“The 29th Regimt on Duty. A Quarrell between the soldiers & Inhabitants—The Bells—Rung—A Great Number Assembled in Kingstreet A Party of the 29th under the Command of Capt Preston fird on the People they killed five—wounded Several Others—particularly Mr. Edw Payne in his Right Arm—Capt Preston Bears a good Character—he was taken in the night & Committed also Seven more of the 29th—the Inhabitants are greatly enraged and not without Reason.” – Diary of John Rowe, 5 March 1770
Unlike the quote above, penned by an eventual Loyalist, stating the facts, the poem “A Verse Occasioned by the Late Horrid Massacre in King-Street” propagandizes the events of March 5th, 1770 in Boston when soldiers fired into a crowd of rioting Bostonians. The event is now known as the Boston Massacre.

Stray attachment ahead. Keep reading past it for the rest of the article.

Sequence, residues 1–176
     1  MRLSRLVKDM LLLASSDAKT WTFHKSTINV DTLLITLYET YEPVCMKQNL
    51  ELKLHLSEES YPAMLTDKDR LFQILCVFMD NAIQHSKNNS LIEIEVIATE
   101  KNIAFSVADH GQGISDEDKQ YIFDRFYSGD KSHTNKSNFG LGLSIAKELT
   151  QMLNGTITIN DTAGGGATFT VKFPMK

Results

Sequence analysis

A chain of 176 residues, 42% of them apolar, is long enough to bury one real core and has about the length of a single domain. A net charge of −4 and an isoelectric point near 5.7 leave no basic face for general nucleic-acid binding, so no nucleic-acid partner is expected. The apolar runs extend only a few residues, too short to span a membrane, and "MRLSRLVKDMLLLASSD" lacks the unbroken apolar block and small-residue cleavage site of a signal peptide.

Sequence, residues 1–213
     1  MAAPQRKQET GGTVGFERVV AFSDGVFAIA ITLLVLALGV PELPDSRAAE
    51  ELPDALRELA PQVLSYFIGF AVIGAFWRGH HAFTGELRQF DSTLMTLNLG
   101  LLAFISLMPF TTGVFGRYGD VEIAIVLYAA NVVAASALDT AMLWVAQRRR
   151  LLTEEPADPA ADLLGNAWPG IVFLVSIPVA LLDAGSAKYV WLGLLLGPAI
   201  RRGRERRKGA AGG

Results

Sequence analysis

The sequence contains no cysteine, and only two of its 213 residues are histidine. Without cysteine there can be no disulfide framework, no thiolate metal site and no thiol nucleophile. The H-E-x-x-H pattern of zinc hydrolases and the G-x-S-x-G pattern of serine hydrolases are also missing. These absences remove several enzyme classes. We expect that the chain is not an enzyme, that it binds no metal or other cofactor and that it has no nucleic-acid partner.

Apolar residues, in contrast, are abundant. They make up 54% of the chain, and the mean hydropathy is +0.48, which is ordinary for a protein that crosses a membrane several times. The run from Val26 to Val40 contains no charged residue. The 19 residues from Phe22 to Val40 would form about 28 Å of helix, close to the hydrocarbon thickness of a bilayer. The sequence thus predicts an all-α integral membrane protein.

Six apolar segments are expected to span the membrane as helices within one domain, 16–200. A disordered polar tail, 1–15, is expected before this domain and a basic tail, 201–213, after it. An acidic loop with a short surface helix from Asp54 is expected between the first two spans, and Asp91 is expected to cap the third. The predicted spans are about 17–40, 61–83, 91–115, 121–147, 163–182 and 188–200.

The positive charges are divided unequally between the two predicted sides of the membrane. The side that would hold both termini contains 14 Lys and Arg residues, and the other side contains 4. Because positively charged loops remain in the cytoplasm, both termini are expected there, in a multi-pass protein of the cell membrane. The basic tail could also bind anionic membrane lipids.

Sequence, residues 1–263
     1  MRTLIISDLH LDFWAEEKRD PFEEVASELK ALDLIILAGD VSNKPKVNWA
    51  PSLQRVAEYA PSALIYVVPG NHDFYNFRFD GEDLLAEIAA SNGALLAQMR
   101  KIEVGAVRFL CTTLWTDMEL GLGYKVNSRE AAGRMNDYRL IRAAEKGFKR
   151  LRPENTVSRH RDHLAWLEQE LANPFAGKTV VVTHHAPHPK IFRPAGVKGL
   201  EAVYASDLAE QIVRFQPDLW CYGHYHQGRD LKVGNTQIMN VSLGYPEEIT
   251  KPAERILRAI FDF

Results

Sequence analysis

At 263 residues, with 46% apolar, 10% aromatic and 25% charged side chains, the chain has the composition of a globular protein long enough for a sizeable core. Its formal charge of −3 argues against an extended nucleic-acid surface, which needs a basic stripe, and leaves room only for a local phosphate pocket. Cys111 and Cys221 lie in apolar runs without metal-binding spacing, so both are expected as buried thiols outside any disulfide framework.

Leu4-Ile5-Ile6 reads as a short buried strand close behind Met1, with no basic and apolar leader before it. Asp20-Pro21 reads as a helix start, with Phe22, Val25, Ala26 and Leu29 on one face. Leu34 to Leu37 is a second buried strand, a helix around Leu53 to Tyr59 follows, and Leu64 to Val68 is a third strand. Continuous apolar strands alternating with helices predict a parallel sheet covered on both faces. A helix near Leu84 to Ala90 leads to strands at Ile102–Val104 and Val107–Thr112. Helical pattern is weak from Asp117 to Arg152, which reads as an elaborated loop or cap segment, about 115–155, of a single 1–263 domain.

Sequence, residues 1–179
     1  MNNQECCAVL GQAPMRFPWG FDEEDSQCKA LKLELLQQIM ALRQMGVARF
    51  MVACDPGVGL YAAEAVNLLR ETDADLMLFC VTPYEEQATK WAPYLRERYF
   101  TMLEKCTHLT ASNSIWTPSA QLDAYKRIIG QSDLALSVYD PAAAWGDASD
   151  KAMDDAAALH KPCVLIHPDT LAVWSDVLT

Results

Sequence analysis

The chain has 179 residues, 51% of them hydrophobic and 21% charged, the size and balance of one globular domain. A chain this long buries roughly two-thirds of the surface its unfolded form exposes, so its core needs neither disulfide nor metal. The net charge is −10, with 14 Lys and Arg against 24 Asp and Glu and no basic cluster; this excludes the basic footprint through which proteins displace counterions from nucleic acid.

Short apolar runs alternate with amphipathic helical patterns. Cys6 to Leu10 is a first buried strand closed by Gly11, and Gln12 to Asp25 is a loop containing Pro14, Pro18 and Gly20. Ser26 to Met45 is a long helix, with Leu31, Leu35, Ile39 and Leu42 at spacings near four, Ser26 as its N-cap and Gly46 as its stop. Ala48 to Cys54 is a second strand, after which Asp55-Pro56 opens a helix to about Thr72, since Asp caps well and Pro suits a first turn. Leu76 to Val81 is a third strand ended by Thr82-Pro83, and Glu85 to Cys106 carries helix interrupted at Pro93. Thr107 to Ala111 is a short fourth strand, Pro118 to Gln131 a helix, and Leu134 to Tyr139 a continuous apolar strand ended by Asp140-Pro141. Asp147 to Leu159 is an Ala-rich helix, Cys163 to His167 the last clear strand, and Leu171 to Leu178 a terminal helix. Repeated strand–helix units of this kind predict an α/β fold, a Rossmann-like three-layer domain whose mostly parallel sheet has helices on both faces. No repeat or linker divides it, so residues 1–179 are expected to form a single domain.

The poem was written in 1770 at a time when Bostonians and soldiers encountered news, gossip, judgments, and propaganda about the events in King Street. Purveyors of popular media enlisted the services of illustrators and poets to sway public opinion. Set forth in rhyming couplets, “A Verse Occasioned by the late horrid Massacre in King-Street” quickly announced its point of view.
It is still debated whether Captain Preston shouted “fire” with everyone in the crowd goading the soldiers to fire, and the town’s bells ringing, the latter usually a notice to leave your house and bring your fire bucket to help put out a fire. We may never know if Captain Preston ordered his men to fire on the crowd, and if so, whether or not they picked his voice out of the crowd.
“Then the people enraged some snow-balls did throw
To the Custom-House where they kept guard as we know,
Then the Captain commanded them to fire away,
And one of the Soldiers obey’d as they say.”
For more information and to view the full poem, visit the Massachusetts Historical Society, by clicking here.